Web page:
Illustrative matter in a book or other publication, usually printed with or without explanatory text on a leaf of different quality paper than the main text, with the reverse side often blank or bearing a descriptive legend. Plates are usually inserted in the sections after gathering, either distributed throughout the text or in one or more groups. A tissued plate is separated from the facing page by a loose sheet of interleaved tissue paper, usually to prevent offset or rubbing. Click here to see an example from the 19th-century serial publication Godey's Lady's Book and here to see a selection of 19th- and early 20th-century fashion plates in the Digital Collections of the University of Washington Libraries. Engraved examples can be seen in Agostino Ramelli's Le diverse et artificiose machine (Paris: 1588), courtesy of the Smithsonian Institution Libraries.
Because they are not integral to the gathering, plates are excluded from the pagination; however, they are usually numbered in roman or arabic numerals and listed in order of appearance in a separate part of the front matter. In the bibliographic record created to represent an item in the library catalog, the number of leaves or pages of plates is indicated in the physical description area, following extent of text. Compare with cut. See also: color plate, double plate, monochrome plate, and plate number.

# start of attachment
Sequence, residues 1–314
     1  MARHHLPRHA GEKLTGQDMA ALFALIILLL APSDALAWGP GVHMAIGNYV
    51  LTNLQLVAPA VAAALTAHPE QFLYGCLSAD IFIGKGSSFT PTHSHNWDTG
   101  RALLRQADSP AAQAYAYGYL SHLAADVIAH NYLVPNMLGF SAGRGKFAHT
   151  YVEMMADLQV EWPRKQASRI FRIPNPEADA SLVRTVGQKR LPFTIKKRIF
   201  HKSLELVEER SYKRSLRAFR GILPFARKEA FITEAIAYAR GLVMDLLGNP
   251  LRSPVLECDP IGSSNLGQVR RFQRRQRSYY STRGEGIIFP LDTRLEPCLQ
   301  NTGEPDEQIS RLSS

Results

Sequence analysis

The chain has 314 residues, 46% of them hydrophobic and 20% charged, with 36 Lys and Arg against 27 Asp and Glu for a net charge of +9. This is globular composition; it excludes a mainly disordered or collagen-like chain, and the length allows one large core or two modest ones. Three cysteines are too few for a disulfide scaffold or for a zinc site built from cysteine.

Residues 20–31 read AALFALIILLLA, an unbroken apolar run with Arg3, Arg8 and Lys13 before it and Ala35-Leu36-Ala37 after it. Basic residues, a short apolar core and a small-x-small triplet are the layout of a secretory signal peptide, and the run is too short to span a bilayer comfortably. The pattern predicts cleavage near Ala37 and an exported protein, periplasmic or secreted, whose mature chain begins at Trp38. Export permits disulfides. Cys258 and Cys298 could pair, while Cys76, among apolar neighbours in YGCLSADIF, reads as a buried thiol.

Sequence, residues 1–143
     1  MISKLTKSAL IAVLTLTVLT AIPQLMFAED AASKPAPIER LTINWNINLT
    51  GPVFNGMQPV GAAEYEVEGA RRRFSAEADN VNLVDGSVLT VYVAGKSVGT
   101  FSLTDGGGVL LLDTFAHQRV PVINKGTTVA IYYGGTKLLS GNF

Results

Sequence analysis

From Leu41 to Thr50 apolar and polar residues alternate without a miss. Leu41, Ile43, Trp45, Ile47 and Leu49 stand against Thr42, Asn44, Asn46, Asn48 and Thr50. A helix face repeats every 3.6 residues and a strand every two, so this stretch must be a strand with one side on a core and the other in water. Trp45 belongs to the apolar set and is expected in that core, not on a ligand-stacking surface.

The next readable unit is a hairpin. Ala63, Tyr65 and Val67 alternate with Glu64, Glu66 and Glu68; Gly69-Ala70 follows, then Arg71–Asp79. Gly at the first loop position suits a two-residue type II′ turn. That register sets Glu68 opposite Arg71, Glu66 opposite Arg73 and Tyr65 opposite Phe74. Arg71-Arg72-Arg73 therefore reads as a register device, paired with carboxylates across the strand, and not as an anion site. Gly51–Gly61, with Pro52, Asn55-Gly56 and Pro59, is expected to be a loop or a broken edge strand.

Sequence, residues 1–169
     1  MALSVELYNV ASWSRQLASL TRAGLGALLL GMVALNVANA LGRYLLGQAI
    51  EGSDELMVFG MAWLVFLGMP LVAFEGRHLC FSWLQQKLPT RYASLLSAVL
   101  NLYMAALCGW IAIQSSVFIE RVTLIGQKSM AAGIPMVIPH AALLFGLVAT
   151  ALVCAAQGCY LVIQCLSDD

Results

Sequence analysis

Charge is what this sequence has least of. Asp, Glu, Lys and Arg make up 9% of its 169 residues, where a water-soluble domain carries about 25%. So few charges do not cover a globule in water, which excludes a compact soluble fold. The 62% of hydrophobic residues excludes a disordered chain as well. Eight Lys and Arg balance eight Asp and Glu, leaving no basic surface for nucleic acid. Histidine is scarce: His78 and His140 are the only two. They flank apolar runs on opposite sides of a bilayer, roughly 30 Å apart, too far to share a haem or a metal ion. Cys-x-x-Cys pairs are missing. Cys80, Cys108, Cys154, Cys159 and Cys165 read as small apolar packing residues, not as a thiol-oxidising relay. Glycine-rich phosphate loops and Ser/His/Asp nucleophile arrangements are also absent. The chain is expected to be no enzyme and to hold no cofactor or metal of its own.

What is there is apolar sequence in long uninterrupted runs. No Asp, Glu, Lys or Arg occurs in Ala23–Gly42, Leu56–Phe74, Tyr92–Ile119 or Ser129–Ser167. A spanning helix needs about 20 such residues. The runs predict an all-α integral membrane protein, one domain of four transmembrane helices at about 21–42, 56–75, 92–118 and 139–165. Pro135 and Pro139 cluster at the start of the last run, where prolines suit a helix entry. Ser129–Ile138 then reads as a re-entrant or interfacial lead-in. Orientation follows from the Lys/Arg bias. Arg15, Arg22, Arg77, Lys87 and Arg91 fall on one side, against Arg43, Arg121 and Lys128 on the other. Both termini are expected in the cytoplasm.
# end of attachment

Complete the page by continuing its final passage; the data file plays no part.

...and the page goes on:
Originally, a flat piece of wood or a sheet of metal used to print, emboss, or engrave a design, illustration, or image on paper, vellum, or some other printing surface. In modern printing, photomechanical plates are used to print both text and illustrations. See also: plate mark.
In photography, a rigid, comparatively thick support for the layer of photosensitive material (emulsion) bearing the image. Glass is used for its flatness and where dimensional stability is essential. In the tintype, a thin metal sheet, usually of iron, was used to support the emulsion. Compare with film.